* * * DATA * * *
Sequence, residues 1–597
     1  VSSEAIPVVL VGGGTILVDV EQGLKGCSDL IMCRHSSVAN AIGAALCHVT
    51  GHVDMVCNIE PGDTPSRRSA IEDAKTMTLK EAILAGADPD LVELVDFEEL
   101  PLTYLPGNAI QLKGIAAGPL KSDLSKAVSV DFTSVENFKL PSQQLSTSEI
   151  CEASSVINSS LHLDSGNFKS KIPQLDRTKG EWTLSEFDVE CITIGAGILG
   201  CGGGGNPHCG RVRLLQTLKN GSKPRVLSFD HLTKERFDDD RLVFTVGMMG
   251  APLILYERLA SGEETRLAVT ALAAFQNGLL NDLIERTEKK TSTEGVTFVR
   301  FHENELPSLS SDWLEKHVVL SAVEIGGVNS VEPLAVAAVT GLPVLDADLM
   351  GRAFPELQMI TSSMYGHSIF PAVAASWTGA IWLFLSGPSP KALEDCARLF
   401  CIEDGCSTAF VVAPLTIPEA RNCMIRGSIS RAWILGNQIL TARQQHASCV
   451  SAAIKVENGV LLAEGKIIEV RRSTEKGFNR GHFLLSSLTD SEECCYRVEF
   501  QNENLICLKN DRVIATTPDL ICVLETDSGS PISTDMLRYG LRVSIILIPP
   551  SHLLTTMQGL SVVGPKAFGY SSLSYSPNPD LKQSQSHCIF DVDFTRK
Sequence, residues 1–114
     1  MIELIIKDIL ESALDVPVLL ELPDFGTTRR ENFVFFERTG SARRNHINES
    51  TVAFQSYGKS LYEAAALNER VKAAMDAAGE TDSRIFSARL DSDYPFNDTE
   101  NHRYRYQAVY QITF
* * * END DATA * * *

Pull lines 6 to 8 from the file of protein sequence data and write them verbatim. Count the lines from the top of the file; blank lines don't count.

   201  CGGGGNPHCG RVRLLQTLKN GSKPRVLSFD HLTKERFDDD RLVFTVGMMG
   251  APLILYERLA SGEETRLAVT ALAAFQNGLL NDLIERTEKK TSTEGVTFVR
   301  FHENELPSLS SDWLEKHVVL SAVEIGGVNS VEPLAVAAVT GLPVLDADLM